Sohm said it’s a win-win situation with the CWC and the Department of Parks and Recreation.

“The CWC is located at a state park and we recognized this as an opportunity to help support our mission because we’re constantly running into wildlife that’s injured, and a lot of time there were no resources out there available to deal with those sorts of injuries.”

One of the evening’s presenters, Mira Sorvino, spoke about her passion for helping animals.

“I am a big animal lover and I actually went on a CWC coyote release a couple of weeks ago where they released four young coyotes that they had been nursing back to health. It was very exciting. We watched them all scamper off into their new lives and it was very moving. It’s a wonderful organization.”

The sentiment was strongly seconded by Begley, who was there to introduce the Wild Hearts Angel Awards.

“I’m here to honor my good friend Dick Riordan and to help out the CWC,” Begley said.

Begley added that in Southern California the neighborhoods keep growing like “stucco vines up wild canyons and mountain sides,” adding to the increase of animal injuries.

“We keep developing and developing and developing – people need a place to live, I understand – but I’d wish we’d revitalize our urban core and leave some of this precious open space for the species that call that land home. As we continue to encroach on their space they have less and less room to move around.”

The evening’s silent auction was a study in eclectic faire – Arnold Schwarzenegger (the movie star, not the California governor) memorabilia, lunch with Sen. Dianne Feinstein along with a tour of the capital, Laker front row tickets and a trip to Kilkarney, Ireland.

But it’s all for a worthy cause, says Executive Director Beth Caskie.

“We need a rapid infusion of $500,000 – that’s what we really need. Our biggest supporters are the people in Malibu – grassroots membership,” Caskie said.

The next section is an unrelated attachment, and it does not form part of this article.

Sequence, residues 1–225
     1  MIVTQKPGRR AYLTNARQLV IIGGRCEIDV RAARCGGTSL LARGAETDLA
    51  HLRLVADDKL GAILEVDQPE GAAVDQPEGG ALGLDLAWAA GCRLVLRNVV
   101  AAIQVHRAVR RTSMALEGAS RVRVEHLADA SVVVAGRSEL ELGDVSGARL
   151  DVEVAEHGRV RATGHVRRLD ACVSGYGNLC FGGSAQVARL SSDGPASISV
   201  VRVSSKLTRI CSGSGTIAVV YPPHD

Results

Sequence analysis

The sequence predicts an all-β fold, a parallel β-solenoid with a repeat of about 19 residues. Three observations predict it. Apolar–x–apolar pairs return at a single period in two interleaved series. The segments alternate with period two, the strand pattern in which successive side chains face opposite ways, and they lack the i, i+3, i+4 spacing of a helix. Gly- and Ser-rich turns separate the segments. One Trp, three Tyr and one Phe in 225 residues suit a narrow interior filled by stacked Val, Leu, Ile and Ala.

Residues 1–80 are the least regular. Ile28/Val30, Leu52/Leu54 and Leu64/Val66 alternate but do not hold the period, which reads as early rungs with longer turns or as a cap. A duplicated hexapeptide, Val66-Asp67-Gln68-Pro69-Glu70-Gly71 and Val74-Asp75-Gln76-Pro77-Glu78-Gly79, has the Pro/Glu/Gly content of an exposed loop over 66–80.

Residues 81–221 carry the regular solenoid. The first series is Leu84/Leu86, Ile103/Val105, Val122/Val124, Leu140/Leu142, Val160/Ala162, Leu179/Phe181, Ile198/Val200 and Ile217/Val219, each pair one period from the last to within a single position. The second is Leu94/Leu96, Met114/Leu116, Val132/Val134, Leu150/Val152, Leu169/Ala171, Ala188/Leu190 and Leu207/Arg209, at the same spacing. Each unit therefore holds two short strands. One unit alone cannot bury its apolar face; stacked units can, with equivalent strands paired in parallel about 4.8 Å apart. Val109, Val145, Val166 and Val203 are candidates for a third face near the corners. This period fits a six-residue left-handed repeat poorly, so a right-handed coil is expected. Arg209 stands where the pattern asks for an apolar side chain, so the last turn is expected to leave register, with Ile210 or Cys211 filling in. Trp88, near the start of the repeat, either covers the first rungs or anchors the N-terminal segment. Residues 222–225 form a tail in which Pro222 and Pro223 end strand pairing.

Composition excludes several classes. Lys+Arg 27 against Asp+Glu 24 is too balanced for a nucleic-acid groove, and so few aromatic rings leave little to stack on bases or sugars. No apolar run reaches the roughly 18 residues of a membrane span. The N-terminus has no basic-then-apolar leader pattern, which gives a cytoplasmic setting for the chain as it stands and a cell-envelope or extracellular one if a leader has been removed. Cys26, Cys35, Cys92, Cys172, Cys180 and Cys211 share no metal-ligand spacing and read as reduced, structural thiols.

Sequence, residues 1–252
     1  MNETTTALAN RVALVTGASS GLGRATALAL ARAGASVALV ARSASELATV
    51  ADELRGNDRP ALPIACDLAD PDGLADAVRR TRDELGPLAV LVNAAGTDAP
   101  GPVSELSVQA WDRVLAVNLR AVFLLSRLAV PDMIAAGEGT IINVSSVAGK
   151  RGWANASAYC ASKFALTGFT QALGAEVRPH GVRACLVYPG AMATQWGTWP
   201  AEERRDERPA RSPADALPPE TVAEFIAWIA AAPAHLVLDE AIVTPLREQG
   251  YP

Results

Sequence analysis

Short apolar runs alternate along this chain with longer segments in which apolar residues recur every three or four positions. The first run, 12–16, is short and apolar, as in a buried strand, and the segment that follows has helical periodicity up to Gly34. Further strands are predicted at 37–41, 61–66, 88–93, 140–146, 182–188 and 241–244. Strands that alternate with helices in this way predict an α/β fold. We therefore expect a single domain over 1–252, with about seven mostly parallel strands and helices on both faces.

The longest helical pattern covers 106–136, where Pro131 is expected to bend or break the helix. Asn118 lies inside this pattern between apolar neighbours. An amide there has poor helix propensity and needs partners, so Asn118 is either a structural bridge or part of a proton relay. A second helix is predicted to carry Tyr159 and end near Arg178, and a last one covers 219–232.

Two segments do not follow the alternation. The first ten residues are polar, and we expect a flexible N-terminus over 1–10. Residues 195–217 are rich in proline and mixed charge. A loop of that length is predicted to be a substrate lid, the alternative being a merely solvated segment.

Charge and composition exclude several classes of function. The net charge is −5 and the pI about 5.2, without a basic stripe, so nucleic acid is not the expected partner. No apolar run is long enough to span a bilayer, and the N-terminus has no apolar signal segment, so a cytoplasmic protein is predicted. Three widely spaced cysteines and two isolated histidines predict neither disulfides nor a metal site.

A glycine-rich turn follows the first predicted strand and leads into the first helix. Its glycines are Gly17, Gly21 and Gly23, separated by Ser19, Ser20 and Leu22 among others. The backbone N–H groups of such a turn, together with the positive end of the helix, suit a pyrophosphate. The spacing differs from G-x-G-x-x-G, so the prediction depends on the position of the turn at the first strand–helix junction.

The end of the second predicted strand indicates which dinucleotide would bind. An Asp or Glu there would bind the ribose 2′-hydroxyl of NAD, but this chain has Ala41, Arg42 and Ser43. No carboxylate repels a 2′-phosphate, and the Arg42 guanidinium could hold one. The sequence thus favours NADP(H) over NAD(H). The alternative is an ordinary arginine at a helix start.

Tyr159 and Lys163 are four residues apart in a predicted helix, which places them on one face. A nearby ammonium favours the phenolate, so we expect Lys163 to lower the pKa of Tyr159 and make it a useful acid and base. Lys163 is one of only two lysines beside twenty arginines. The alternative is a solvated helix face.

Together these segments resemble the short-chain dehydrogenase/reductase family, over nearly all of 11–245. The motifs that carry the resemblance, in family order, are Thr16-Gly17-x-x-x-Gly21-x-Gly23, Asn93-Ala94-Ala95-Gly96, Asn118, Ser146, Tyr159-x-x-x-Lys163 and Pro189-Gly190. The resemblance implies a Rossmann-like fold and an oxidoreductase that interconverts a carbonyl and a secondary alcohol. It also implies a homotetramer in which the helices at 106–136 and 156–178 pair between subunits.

“When they bring in an animal they drop money in the rescue box and that is the core of our donations. We do solicit memberships and we have open houses, but we need to do a lot more so everyone knows we’re here because right now we have a leaky roof and we need our garage space turned into a convalescent area so we can move our newly donated fluoroscopy machine out from one of our volunteer’s garage and into our hospital.”

The CWC has four full-time staff members including a veterinarian, but volunteers are the backbone of the CWC.

Joan Tyler, CWC volunteer of the year, said it was easy getting started at the CWC.

“I’m a retired high school teacher and saw an ad for the CWC. Well, how more difficult could it be taking care of wildlife than teaching high school kids,” Tyler laughed.

Gretchen Wyler, actress and founder of the Ark Trust (Genesis Awards), said it all starts with awareness.

“We’re such an arrogant species!” Wyler said. “I was a very busy Broadway actress in the ’50s and ’60s. I ate a steak every night and owned furs because I thought they grew on trees and suddenly I became aware of my thoughtlessness. And now we have the CWC and the wonderful things they do. I promise you 30 years ago they wouldn’t have been here.”

For more information about volunteering or donating, call 818.222.2658 or or visit the Web site